OTTAWA (CUP) — The Ontario Liberal government has released a new tuition framework that will see tuition capped at three per cent for the next four years. This contrasts the former framework that capped the increase at five per cent.
OTTAWA (CUP) — On Feb. 12, the Ontario Progressive Conservative’s released a white paper on post-secondary education (PSE) called Paths to Prosperity: Higher Learning for Better Jobs. The report claims that the current PSE system is not equipped to meet Ontario’s employment standards.
OTTAWA (CUP) — The Carleton Free Speech Wall was an initiative put forth by the Carleton Students for Liberty Society (SFL) that was meant to measure the level of discourse on campus. For five days, students were encouraged to write on the wall and enact their rights of free expression.
Ontario law students will no longer have to article in order to becomes lawyers.
The Law Society of Upper Canada (LSUC), which regulates the province’s legal profession, is revamping the way articling works in Ontario in an attempt to make up for a shortfall in available positions.
OTTAWA (CUP) — On Nov. 3, Glen Murray, then the Ontario Minister of Training, Colleges and Universities, announced his resignation and his intention to run for the provincial Liberal leadership. Six days later Murray introduced his “No-Money Down University or College” proposal.
On Oct. 15, Ontario Premier Dalton McGuinty announced some shocking news — he was resigning.
For many, it seemed unbelievable. McGuinty had been premier for the last six years and had just won the election in 2011. After a three-year reign — a record that hasn’t been seen by the Ontario Liberal Party in over 125 years — few expected this.
OTTAWA (CUP) — “I had been struggling with severe anxiety for a while, but I didn’t really want to get help because I was embarrassed to admit that I had a problem, especially since I didn’t know anyone else who felt the way I did and I didn’t really … well, I didn’t know if it was even ‘a thing’, really.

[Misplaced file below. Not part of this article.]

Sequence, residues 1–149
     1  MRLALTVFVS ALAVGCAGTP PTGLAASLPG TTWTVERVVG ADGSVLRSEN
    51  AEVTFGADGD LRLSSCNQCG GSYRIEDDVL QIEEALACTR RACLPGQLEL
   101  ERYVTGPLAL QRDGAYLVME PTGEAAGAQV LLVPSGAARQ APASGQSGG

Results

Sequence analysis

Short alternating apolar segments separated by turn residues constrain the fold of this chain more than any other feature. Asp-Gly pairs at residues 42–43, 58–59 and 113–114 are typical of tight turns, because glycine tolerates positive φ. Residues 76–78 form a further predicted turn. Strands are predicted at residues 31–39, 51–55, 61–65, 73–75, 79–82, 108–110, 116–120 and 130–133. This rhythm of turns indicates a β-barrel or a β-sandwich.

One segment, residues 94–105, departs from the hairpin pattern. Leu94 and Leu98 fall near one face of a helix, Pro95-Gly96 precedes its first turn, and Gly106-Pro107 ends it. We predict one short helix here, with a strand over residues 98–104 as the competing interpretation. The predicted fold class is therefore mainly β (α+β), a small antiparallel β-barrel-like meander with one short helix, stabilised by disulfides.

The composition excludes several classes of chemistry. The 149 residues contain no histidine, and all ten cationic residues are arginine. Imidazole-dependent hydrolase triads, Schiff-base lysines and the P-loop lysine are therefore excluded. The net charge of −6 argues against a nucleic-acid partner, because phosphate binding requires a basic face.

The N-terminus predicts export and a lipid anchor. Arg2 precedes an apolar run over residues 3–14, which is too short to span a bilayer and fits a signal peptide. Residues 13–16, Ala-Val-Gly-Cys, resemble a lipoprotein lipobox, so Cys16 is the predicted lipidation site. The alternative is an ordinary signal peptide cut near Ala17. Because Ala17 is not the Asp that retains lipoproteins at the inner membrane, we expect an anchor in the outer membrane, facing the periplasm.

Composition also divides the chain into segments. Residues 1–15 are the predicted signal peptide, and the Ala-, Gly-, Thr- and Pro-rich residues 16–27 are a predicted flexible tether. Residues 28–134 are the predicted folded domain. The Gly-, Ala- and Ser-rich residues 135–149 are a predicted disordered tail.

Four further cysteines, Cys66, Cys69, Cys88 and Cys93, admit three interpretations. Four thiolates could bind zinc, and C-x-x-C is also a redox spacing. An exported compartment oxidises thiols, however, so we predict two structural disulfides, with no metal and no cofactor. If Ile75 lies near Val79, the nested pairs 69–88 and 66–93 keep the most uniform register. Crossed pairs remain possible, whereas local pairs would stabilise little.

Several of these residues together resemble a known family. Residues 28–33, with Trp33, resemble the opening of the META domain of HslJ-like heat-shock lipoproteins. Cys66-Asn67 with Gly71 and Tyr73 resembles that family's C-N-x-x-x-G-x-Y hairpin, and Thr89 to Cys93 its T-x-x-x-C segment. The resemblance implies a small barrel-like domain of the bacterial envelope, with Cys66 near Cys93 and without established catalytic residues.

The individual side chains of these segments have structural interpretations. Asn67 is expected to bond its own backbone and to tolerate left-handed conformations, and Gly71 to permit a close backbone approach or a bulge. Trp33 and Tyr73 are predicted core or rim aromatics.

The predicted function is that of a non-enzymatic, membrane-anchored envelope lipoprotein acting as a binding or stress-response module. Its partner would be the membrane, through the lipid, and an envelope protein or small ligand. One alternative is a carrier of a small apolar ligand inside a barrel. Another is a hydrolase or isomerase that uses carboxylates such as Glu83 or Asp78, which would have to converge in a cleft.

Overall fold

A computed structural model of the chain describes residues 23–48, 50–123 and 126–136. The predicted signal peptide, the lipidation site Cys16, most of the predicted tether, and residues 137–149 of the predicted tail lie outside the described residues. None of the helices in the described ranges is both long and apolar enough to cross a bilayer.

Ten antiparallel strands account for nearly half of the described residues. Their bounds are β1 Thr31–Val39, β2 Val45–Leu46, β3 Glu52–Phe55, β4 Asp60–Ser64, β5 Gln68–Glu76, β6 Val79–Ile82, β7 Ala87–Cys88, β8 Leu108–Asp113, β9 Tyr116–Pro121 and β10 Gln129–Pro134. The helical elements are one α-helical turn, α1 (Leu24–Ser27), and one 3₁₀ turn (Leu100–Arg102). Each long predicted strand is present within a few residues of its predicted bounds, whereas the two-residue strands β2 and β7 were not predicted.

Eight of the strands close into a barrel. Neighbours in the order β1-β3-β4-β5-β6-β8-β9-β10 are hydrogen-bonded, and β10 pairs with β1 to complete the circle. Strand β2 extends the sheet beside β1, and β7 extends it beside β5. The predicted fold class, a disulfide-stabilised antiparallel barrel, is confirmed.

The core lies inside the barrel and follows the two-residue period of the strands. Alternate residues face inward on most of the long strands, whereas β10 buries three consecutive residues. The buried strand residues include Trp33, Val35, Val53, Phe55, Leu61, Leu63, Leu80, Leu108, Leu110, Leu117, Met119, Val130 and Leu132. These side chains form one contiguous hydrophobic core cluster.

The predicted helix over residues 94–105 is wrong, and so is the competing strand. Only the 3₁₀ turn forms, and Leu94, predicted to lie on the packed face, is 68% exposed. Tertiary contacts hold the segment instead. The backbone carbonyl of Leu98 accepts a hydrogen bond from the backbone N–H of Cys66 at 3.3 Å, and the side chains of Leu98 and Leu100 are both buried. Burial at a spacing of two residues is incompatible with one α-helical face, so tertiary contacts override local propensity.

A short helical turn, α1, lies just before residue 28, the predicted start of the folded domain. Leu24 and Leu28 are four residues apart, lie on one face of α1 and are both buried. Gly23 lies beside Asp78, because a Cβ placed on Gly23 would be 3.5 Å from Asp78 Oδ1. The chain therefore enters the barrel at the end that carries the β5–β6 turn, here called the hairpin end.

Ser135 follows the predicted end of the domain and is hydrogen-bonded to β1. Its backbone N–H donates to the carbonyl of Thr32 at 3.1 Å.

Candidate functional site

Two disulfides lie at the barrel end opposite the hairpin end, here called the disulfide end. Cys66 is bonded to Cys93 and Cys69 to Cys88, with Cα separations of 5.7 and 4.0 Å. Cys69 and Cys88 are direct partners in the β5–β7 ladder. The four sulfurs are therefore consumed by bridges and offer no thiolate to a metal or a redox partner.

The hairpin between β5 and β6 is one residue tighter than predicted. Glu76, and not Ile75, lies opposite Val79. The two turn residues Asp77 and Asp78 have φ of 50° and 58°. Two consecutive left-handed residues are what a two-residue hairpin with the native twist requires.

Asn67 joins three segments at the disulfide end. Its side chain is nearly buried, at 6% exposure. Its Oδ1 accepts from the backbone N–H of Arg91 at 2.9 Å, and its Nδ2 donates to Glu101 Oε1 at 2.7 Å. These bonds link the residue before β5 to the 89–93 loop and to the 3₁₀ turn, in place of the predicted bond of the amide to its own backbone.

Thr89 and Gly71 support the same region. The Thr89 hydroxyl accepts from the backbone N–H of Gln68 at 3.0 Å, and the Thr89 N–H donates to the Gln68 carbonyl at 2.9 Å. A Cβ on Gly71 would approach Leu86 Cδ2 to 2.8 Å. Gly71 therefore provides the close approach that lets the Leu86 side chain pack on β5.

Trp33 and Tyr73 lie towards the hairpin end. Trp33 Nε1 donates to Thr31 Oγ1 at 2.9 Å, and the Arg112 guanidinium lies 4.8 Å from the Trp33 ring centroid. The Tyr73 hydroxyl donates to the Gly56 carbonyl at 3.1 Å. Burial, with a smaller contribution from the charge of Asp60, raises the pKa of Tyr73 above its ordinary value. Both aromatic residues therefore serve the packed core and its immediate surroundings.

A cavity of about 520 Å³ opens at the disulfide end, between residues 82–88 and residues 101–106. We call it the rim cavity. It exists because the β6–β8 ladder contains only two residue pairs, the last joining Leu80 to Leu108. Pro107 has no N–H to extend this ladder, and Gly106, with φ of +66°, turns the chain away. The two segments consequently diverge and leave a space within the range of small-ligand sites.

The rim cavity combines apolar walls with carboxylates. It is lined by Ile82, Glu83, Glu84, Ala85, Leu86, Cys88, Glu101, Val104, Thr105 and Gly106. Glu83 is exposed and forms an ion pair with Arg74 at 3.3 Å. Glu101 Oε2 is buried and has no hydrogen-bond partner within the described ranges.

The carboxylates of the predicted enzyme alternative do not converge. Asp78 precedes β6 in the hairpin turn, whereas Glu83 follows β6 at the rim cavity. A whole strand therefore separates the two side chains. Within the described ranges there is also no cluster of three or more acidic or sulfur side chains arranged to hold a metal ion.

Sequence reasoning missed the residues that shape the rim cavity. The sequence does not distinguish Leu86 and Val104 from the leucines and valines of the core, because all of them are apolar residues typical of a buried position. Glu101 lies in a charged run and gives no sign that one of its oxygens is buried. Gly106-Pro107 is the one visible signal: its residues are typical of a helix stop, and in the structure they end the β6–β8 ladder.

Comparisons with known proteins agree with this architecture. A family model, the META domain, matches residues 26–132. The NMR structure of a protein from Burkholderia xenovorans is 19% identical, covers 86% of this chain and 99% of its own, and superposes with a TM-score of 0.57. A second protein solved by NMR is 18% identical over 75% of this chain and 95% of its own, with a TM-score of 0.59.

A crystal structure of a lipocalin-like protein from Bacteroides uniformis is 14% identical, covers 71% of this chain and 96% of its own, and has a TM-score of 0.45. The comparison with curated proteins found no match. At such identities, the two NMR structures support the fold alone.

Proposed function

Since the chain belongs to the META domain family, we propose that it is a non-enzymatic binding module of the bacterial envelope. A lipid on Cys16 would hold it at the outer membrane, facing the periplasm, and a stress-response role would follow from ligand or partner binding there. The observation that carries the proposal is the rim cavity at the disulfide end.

“I BELIEVE THAT you are not citizens in the making—you are already citizens.” Michaëlle Jean, former Governor General of Canada, has made it known that she advocates for youth and education. Currently working from the U of O campus as United Nations Educational, Scientific, and Cultural Organization’s (UNESCO) special envoy to Haiti, this power figure is excited to be part of an institution that radiates intergenerational discussion.
U of O feels pressure of low grade. Globe and Mail‘s Canadian University Report ranks schools across the country.
ON OCT. 25, the Globe and Mail released their ninth annual Canadian University Report. The report, which consists of survey responses of 35,000 students across Canada, examines different aspects of university life, including quality of education, student services, faculty relations, technology, and career preparation. Universities are given a letter grade and are compared against similar-sized institutions.
ON JULY 27, millions of people will be glued to their computers and televisions to watch one of the greatest sporting events in history. That’s right—preparation is underway for the 2012 Olympic Games in London, England, and Canada has less than five months to ensure its athletes are organized and ready to compete.
But what do we really know about the Olympics? Despite the ease with which the events run from a viewer’s point of view, a lot happens behind the scenes in order to keep the athletes organized and the events progressing smoothly. Preparation begins years in advance, coming to a head at the six-month period where the International Olympic Committee (IOC) and its working groups finalize their plans.
THE JOURNEY OF a preteen into the life of a high school student can be filled with incessant drama. But for young stars, as soon as fame, fortune, and a record deal became part of the picture, the typical preteen drama becomes distorted and life is more about the industry and the fans than that personal transformation.